We lose Jarod Rawiri halfway between Te Oro, the 3-year-old music and arts centre in Glen Innes, and a pedestrian laneway lined with takeaway bars and cafes.
Rawiri, who grew up in GI but left 15 years ago, is wrapped up in a hug from from an old rugby and paddling mate. They exchange a few words and Rawiri looks slightly incredulous that after so many years away, he's already bumped into an old mate.
He's also looking at what has become of the neighbourhood shops and declares it was once a lot livelier, with more businesses. Childhood memories are further triggered when two schoolgirls wearing Glendowie College uniforms ask to have their photo taken with him. When he was at Glendowie College, he was almost too shy to do drama classes.
It's likely he wouldn't be on Shortland Street, playing steadfast family man Mo Hannah, if it wasn't for teacher Jane Griffin, who recruited him for a school show when she needed someone with taiaha (Māori weaponry) skills.
"I'd learned it through family because I've got a bunch of family members who all perform kapa haka at Auckland Museum," he explains. "The show was called Dream Warrior and it was my first time on stage not doing kapa haka. It was pretty exciting because I was a fourth former and it was a six-form production."
"From that, she - Griffin - said, 'you need to do drama next year'. Otherwise, no way; I was too shy. My friend Elnez Tofa, he did all the school productions but I was, 'no way, no way would I audition for a school production'."
Rawiri, a father of three and stepfather of one, is now one of our leading actors and, while there have been lean times, has rarely been out of work. We've met in Glen Innes to talk about his latest project, Silo Theatre's Cellfish, because it's partly crafted from these streets.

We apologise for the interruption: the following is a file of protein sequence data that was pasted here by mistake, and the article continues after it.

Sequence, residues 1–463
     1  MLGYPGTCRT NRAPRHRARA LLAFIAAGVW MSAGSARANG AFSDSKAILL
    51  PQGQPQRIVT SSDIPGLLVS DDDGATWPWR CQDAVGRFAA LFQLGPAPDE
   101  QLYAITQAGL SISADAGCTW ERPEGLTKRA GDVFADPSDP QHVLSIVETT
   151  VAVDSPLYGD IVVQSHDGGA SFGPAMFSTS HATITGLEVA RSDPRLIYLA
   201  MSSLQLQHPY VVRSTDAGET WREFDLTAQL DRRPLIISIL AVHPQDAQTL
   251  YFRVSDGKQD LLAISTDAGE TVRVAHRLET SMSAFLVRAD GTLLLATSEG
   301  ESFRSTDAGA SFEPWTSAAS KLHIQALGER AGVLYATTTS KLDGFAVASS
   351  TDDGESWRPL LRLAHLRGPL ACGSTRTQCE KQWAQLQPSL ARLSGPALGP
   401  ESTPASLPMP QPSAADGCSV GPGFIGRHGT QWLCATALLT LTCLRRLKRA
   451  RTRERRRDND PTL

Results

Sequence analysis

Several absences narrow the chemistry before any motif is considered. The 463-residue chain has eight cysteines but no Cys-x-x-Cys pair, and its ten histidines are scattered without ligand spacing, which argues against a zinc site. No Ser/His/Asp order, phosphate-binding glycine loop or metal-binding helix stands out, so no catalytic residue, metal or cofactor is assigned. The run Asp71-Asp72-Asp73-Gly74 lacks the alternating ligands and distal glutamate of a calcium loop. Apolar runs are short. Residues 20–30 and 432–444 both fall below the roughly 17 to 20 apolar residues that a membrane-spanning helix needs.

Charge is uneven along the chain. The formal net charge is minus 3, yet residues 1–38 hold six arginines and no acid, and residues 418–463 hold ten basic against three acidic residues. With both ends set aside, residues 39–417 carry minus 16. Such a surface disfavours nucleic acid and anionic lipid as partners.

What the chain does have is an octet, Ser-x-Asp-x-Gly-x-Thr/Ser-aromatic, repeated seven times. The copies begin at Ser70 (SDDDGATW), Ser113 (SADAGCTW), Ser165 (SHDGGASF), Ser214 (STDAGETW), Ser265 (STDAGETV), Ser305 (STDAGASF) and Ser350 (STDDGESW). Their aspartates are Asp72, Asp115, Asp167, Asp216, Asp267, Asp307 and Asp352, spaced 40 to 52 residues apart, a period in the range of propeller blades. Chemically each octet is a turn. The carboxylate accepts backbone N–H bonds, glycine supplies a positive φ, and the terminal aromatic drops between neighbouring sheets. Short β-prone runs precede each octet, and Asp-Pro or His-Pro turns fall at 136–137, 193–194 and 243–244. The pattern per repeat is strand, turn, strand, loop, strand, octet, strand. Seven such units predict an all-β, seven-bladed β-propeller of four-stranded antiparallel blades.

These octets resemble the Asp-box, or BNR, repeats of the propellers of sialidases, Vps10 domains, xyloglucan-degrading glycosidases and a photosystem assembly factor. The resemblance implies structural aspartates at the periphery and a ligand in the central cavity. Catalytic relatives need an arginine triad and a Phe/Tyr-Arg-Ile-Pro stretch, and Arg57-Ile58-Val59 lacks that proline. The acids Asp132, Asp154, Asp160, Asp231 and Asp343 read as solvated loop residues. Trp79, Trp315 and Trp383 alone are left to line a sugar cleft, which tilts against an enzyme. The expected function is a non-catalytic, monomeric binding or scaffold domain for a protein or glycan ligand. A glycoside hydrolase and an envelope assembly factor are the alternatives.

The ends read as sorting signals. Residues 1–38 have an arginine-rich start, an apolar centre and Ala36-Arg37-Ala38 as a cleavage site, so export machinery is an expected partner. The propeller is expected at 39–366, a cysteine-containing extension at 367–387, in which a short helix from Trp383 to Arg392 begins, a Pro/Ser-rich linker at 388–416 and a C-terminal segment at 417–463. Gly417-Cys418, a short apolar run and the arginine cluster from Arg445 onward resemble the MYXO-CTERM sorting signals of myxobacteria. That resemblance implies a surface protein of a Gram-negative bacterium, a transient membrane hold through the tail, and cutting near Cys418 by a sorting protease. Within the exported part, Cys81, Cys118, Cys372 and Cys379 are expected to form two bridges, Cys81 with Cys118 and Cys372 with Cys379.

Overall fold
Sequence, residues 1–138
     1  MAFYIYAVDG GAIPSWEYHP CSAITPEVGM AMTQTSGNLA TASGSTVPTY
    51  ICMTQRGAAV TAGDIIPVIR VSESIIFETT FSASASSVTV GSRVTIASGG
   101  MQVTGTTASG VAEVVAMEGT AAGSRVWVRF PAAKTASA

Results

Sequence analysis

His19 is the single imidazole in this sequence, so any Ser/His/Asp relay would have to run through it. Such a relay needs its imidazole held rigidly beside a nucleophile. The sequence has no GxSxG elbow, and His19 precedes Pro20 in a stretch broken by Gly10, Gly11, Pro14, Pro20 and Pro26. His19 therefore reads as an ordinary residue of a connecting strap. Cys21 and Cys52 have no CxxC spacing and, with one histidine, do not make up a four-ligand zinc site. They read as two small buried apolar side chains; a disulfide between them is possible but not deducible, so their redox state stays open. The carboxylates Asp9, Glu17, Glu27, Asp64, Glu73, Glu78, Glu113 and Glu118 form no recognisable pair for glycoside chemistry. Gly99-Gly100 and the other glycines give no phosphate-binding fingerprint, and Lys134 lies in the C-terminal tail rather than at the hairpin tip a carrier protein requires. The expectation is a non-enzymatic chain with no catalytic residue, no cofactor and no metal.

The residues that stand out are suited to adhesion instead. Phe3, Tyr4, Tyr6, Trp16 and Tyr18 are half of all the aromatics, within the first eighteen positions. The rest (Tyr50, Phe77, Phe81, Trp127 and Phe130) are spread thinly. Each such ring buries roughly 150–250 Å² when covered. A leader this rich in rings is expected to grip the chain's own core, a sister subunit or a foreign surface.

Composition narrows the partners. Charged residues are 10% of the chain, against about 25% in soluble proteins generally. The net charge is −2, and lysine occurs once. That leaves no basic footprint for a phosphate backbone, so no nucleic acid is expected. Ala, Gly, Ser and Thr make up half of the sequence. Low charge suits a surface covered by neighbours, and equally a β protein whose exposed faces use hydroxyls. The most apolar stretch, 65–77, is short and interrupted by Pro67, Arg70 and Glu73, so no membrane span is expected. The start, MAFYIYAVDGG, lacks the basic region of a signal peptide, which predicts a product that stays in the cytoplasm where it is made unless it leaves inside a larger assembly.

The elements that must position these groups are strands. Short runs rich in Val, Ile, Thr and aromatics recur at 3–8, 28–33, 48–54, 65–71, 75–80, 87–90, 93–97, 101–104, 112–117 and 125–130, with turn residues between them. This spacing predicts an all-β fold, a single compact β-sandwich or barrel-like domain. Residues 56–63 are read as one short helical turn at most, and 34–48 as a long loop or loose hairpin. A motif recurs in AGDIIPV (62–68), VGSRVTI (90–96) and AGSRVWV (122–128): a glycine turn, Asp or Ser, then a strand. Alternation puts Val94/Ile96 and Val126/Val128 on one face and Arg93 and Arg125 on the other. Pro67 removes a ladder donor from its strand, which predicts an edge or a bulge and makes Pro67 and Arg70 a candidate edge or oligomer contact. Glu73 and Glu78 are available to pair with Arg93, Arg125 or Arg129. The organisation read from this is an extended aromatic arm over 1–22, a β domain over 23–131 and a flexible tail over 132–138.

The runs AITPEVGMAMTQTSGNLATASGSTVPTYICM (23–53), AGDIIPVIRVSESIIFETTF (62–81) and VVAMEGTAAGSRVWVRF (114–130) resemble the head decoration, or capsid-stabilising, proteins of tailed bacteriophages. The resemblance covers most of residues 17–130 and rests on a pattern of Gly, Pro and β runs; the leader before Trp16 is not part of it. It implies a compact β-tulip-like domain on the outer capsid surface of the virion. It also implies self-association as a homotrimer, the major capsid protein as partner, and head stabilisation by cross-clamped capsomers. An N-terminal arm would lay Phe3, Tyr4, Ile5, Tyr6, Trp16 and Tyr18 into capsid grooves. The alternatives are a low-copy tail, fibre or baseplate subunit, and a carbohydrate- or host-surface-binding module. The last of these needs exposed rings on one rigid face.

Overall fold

Created by Miriama McDowell, Jason Te Kare and Rob Mokaraka, the two-person show centres on Miss Lucy (Carrie Green) who's teaching Shakespeare to prison inmates. "Colonising Shakespeare," Te Kare likes to call it.
The characters and their backgrounds are based on McDowell's experience of creating theatre with Paparua inmates in Christchurch; the mental health and justice systems in Aotearoa and Te Kare's own GI childhood.
He and Rawiri grew up on the same street and his mum, Barbara, is a much-respected social worker and well-known Glen Innes community champion. From the age of 7, Te Kare's childhood home housed youth at risk, run by his mum initially with very little government funding.
"In that environment, I experienced first-hand the way a young person's perspective on life can become skewed, so crime and violence are idolised," Te Kare says. "I also experienced how potent parental and whānau love can be, and for some of the teenagers who lived with us, our home was their very first experience of it."
Rawiri is all too aware that if his own circumstances had been different, he might have made other choices, which would have taken him far from stage and screen. By his own admission, Glen Innes was - can still be - a tough place to grow up and he acknowledges there were times in his young life when petty crime called.
"We got into a little bit of mischief and there were some boys who were gang affiliated but because we were so young, we still had our innocence and there was a naivety to it."
He blushes when confessing, for the first time, to once having broken into a school and stolen food from the tuckshop. Did he feel bad?
"I did, yeah. I mean, it was exciting as well but it was also really, like ... I just felt like I was hurting people."